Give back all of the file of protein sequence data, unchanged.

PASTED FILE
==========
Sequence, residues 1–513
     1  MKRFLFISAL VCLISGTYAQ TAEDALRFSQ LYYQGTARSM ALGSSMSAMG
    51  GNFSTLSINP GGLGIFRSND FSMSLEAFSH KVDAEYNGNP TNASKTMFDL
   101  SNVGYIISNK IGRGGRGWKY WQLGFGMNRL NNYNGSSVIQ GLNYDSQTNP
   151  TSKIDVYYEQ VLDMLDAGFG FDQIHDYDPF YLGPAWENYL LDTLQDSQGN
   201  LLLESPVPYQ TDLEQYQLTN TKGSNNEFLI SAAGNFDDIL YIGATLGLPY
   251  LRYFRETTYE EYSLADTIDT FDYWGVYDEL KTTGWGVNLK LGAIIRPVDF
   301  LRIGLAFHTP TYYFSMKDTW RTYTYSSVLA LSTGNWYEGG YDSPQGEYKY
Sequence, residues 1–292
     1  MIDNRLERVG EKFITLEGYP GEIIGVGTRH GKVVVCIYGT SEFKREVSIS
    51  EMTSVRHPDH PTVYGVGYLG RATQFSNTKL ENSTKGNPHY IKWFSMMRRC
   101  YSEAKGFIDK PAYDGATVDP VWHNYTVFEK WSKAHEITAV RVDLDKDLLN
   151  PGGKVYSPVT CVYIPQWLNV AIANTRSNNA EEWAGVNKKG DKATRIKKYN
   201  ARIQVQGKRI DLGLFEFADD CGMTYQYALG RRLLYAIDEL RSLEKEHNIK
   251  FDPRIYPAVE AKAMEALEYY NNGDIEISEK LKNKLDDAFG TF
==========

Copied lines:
Sequence, residues 1–513
     1  MKRFLFISAL VCLISGTYAQ TAEDALRFSQ LYYQGTARSM ALGSSMSAMG
    51  GNFSTLSINP GGLGIFRSND FSMSLEAFSH KVDAEYNGNP TNASKTMFDL
   101  SNVGYIISNK IGRGGRGWKY WQLGFGMNRL NNYNGSSVIQ GLNYDSQTNP
   151  TSKIDVYYEQ VLDMLDAGFG FDQIHDYDPF YLGPAWENYL LDTLQDSQGN
   201  LLLESPVPYQ TDLEQYQLTN TKGSNNEFLI SAAGNFDDIL YIGATLGLPY
   251  LRYFRETTYE EYSLADTIDT FDYWGVYDEL KTTGWGVNLK LGAIIRPVDF
   301  LRIGLAFHTP TYYFSMKDTW RTYTYSSVLA LSTGNWYEGG YDSPQGEYKY
Sequence, residues 1–292
     1  MIDNRLERVG EKFITLEGYP GEIIGVGTRH GKVVVCIYGT SEFKREVSIS
    51  EMTSVRHPDH PTVYGVGYLG RATQFSNTKL ENSTKGNPHY IKWFSMMRRC
   101  YSEAKGFIDK PAYDGATVDP VWHNYTVFEK WSKAHEITAV RVDLDKDLLN
   151  PGGKVYSPVT CVYIPQWLNV AIANTRSNNA EEWAGVNKKG DKATRIKKYN
   201  ARIQVQGKRI DLGLFEFADD CGMTYQYALG RRLLYAIDEL RSLEKEHNIK
   251  FDPRIYPAVE AKAMEALEYY NNGDIEISEK LKNKLDDAFG TF